7. Invest in the onboarding process

Set new hires up for success. Create a comprehensive onboarding plan and schedule regular meetings and feedback sessions so managers can tailor training to each individual.

8. Introduce flexible work schedules

Make your business more accommodating by letting staff work from home and choose their hours. It shows you understand their needs and helps those juggling other responsibilities stay at your company.

Photo of happy professionals commuting to their office.

Flexible work schedules can help you reduce employee turnover while showing staff you understand and care about their needs

9. Boost employee engagement

Companies with engaged staff have up to 43% less turnover. Using engagement surveys to discover what motivates your team and acting on those findings can be a cost-effective way to reduce turnover. Don’t forget to check your employee NPS (eNPS) score to see whether your engagement levels are low.

1‍0. Ensure a healthy work-life balance

Protect your people from burnout and show you recognize the importance of their lives outside work by encouraging them to take regular breaks and leave the office on time. Also, check in with your reports frequently to verify whether you’ve given them realistic workloads and deadlines.‍

‍11. Finetune your hiring process

Hiring candidates for cultural add over skills and experience increases the likelihood that they’ll integrate well into your company and stay. Ask the right questions to see whether their values align with yours. Also, communicate those values so candidates can make a fully informed decision about whether they’d enjoy working with your company. Once you’ve offered someone a position, connecting with your new hire frequently before their start date can increase their willingness to commit to your organization by up to 87%.

Achieve a healthy turnover rate with Leapsome

Given the damage high turnover rates can cause, it’s natural to be concerned about your company’s retention rate. But with the proper knowledge and close monitoring of the situation, you can reduce employee turnover and keep it low.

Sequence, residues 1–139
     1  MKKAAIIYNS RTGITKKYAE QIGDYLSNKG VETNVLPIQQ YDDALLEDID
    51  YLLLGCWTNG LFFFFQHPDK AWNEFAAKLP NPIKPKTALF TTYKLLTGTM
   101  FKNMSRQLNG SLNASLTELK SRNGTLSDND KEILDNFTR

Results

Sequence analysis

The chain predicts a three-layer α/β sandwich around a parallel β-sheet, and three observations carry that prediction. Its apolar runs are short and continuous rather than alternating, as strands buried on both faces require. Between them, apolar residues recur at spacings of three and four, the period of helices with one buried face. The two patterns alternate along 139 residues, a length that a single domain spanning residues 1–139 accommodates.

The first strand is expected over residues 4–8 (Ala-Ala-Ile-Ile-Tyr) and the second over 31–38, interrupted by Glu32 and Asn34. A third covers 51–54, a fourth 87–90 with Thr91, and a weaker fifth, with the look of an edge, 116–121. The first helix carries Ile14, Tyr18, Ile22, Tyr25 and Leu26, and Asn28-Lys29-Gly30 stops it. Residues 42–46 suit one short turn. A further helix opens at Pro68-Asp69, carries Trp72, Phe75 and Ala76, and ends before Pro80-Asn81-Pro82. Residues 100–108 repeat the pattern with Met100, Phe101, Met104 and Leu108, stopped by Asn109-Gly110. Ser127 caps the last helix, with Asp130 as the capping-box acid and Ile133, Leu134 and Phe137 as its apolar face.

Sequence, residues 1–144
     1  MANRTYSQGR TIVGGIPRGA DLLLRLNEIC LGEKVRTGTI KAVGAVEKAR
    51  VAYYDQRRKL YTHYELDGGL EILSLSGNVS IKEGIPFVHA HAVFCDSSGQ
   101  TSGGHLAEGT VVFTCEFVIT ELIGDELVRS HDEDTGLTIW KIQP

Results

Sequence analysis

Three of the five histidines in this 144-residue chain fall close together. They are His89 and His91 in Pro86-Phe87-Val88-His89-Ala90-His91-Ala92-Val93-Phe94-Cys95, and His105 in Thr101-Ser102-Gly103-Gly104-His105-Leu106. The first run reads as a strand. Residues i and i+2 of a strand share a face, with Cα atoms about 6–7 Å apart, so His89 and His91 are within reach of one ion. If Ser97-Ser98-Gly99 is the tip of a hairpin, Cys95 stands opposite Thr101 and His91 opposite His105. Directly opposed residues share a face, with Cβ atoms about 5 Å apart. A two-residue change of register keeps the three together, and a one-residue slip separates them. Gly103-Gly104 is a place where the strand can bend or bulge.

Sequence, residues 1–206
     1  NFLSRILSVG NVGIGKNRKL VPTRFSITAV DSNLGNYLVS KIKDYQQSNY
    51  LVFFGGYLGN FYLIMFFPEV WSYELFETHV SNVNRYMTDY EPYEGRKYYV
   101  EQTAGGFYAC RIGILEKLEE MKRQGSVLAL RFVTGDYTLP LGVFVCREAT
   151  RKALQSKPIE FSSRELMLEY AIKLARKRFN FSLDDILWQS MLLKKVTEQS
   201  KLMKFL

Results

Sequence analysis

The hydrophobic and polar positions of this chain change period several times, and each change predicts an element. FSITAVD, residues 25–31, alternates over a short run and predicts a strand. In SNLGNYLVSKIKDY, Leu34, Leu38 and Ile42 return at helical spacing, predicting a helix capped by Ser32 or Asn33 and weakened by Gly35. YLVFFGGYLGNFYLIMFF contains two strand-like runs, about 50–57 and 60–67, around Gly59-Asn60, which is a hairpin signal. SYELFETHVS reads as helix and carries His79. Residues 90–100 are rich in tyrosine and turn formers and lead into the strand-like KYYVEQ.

HR software solutions like Leapsome can help you maintain high retention rates. Our platform automates the repetitive, time-consuming parts of performance reviews and onboarding. That leaves you more time to focus on supporting your people and helping them grow. 

We also provide a flexible Competency Framework and Compensation module so you can build fair, consistent, and transparent processes that put your employees first.

Elevate your company's retention strategy and empower your workforce with Leapsome, the all-in-one intelligent people enablement platform. Request a demo today!

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Employee turnover FAQs

Is employee turnover bad?

Employee turnover is not bad when the number of employee departures does not impact organizational workflow or productivity or negatively influence other employees. Some turnover is necessary to infuse new talent into an organization. However, employee turnover can be bad when the turnover rate surpasses the employee retention rate, leaving positions unfilled. 

Why is the employee turnover rate important to measure?

It’s important to calculate turnover to identify meaningful patterns in your people engagement processes, including onboarding effectiveness, feedback culture, and management styles, to determine how these patterns correlate with losing employees and how to fix them.

What is a good turnover rate?

There is no specific ‘good’ turnover rate; individual turnover rates should be compared to industry standards. The average turnover rate is 47%, though that figure has been inflated by industries like hospitality, where the turnover rate is much higher (82%). 

Is a high turnover rate good?

No, a high turnover rate is not good. High turnover indicates that many of your employees are leaving your organization. A high voluntary turnover rate indicates that many employees leave due to dissatisfaction. In contrast, a high involuntary turnover rate suggests that organizational restructuring or budget cuts negatively influence your workforce. 

Is a low turnover rate good?

A low turnover rate is excellent. In most companies, low turnover suggests that most employees, including top performers, remain in their positions. However, a certain degree of employee turnover is still welcomed to invite new talent to join the organization in their place.

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Leapsome Team

Written by the team at Leapsome — the all-in-one people enablement platform for driving employee engagement, performance, and learning.